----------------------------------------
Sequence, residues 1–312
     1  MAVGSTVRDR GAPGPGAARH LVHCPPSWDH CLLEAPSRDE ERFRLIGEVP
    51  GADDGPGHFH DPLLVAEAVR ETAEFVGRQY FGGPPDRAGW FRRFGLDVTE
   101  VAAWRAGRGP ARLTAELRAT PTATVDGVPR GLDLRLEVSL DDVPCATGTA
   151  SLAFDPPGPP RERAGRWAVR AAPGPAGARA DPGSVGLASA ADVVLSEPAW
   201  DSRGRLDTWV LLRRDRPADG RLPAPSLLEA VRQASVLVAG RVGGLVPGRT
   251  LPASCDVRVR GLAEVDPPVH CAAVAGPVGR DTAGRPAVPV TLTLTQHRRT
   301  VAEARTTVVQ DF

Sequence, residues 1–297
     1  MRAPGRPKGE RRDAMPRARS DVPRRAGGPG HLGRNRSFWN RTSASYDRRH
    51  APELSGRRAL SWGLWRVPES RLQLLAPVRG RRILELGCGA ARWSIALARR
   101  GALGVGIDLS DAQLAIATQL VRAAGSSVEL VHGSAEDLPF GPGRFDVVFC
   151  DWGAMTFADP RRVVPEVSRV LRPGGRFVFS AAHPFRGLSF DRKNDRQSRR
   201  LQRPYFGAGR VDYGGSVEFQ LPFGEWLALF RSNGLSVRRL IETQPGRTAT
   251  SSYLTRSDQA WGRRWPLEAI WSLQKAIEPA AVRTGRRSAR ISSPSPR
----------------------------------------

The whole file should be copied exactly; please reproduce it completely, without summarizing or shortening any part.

Sequence, residues 1–312
     1  MAVGSTVRDR GAPGPGAARH LVHCPPSWDH CLLEAPSRDE ERFRLIGEVP
    51  GADDGPGHFH DPLLVAEAVR ETAEFVGRQY FGGPPDRAGW FRRFGLDVTE
   101  VAAWRAGRGP ARLTAELRAT PTATVDGVPR GLDLRLEVSL DDVPCATGTA
   151  SLAFDPPGPP RERAGRWAVR AAPGPAGARA DPGSVGLASA ADVVLSEPAW
   201  DSRGRLDTWV LLRRDRPADG RLPAPSLLEA VRQASVLVAG RVGGLVPGRT
   251  LPASCDVRVR GLAEVDPPVH CAAVAGPVGR DTAGRPAVPV TLTLTQHRRT
   301  VAEARTTVVQ DF

Sequence, residues 1–297
     1  MRAPGRPKGE RRDAMPRARS DVPRRAGGPG HLGRNRSFWN RTSASYDRRH
    51  APELSGRRAL SWGLWRVPES RLQLLAPVRG RRILELGCGA ARWSIALARR
   101  GALGVGIDLS DAQLAIATQL VRAAGSSVEL VHGSAEDLPF GPGRFDVVFC
   151  DWGAMTFADP RRVVPEVSRV LRPGGRFVFS AAHPFRGLSF DRKNDRQSRR
   201  LQRPYFGAGR VDYGGSVEFQ LPFGEWLALF RSNGLSVRRL IETQPGRTAT
   251  SSYLTRSDQA WGRRWPLEAI WSLQKAIEPA AVRTGRRSAR ISSPSPR